Supergirl Episode 19 'Myriad' aired this week, the penultimate episode for this first season. It seems like just yesterday we were seeing the poster put on the WB water tower and (not) watching the leaked pilot. And here we are a week away from the finale ... maybe a show finale. We still don't know if there will be a season two.
Now there is a lot to like about this episode. There is some action. There is a great cliffhanger. And most importantly, there is a lot of Supergirl philosophy in the dialogue. Do the ends justify the means? How do you fight evil without becoming evil? What is stronger than fear? And are heroes perfect and infallible? These questions and concepts are what make me love Supergirl as a character. So seeing the writers, producers, and actors showcase these ideas makes me very happy.
That doesn't mean this is a perfect episode by any means. There are a lot of plot holes that you need to just gloss over. If you think too hard about things, you're bound to start thinking about ways this episode could have played out more realistically. But if you can buy super-powered individuals, phantom zones, living internet women, and aliens living among us, maybe you can look past some plot lapses.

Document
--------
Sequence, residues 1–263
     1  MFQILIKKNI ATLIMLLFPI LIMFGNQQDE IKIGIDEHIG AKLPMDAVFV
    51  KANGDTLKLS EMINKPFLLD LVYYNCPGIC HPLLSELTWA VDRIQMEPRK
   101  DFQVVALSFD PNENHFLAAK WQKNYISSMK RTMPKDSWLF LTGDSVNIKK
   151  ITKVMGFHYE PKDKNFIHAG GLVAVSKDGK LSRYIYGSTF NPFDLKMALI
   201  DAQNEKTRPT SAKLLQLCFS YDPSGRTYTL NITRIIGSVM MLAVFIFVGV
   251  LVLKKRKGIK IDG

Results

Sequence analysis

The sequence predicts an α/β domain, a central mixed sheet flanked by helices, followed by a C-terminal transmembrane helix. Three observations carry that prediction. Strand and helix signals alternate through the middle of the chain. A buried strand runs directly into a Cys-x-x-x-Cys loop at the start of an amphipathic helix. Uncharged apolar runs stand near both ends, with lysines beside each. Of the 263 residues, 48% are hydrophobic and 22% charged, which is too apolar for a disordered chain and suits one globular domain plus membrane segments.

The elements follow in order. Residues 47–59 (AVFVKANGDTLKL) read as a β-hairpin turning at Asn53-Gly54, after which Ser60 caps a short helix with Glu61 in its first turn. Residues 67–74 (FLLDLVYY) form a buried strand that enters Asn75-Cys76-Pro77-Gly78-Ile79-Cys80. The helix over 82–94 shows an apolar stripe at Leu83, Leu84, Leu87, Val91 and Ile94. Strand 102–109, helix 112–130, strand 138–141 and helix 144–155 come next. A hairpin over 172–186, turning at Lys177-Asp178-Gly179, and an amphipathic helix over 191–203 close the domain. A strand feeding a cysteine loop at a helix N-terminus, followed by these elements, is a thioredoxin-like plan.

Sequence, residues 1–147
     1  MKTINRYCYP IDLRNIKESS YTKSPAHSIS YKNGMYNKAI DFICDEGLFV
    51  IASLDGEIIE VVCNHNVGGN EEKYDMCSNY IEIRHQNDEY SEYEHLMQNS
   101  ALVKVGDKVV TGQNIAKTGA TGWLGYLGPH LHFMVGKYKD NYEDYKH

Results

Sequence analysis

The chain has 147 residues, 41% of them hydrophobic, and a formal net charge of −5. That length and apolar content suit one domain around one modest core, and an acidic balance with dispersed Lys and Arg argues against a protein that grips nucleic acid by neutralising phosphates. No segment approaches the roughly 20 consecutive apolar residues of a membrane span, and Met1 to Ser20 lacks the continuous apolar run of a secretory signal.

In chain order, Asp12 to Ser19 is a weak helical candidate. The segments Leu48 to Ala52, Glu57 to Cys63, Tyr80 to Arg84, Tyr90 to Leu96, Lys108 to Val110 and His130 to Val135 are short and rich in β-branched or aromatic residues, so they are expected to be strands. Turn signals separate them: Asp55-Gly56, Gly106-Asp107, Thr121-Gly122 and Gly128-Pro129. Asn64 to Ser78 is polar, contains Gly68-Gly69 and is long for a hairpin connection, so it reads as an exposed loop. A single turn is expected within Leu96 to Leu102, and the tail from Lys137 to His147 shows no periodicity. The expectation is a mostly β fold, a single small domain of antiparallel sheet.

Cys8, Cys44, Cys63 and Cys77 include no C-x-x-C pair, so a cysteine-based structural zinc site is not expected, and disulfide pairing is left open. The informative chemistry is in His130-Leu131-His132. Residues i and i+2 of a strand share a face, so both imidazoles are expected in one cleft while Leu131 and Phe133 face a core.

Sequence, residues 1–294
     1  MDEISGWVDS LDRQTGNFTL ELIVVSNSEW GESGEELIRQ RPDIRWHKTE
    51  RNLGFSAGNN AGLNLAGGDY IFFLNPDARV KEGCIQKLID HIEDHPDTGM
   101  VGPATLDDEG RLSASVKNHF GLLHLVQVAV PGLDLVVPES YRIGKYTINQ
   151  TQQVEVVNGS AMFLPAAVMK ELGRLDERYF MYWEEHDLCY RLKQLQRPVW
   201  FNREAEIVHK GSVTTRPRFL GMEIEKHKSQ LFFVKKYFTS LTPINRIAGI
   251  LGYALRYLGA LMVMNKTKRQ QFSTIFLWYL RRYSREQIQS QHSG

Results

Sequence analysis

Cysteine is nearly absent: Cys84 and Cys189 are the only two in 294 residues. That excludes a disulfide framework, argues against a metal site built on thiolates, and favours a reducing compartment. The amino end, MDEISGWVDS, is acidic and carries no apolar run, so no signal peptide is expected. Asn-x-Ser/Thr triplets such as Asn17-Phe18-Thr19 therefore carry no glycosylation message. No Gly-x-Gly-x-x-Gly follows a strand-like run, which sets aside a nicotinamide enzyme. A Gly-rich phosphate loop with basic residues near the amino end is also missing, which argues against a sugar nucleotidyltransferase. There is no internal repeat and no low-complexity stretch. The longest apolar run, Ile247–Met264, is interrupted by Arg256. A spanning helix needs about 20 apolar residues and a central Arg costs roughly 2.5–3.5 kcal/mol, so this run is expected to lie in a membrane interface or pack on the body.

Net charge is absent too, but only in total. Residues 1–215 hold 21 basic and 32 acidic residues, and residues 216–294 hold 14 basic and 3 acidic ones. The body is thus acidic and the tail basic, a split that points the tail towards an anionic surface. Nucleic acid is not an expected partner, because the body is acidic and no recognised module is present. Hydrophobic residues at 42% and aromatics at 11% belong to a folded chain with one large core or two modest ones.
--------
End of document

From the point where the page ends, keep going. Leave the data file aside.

As usual, the acting on the show is wonderful. Melissa Benoist really shows range again. She is frustrated, scared, and angry. She is doubtful at time, resolute at others. Calista Flockhart shines as well. As Cat she has to play the cold, distant boss. And yet, we have seen her open up and be vulnerable. A scene where Cat and Kara talk about hope is the high point of this episode.
On to the show.
All of National City, including the DEO headquarters, has been effected by the Myriad mind control device. Lucy Lane and the crew have been given instructions by Non to open all the cells and let the prisoners out. That is, all the prisoners except the White Martian. Even evil Kryptonians don't trust those things!
While I countdown to depower the cell doors ticks away, Lucy personally opens up the cell of Maxima. She has been invited to be Non's queen. We get a fair amount of Maxima info in the dialogue here. We learn she was royalty on Almerac and wanted to be Superman's mate.
Kara arrives, hears about Maxima's copulation plans (love how Kara says 'gross'), trounces the villain, and smashes the DEO controls before the cells can open. It felt like a little bit of a waste of Maxima, even thought the brief fight was great. Perhaps she can return next season?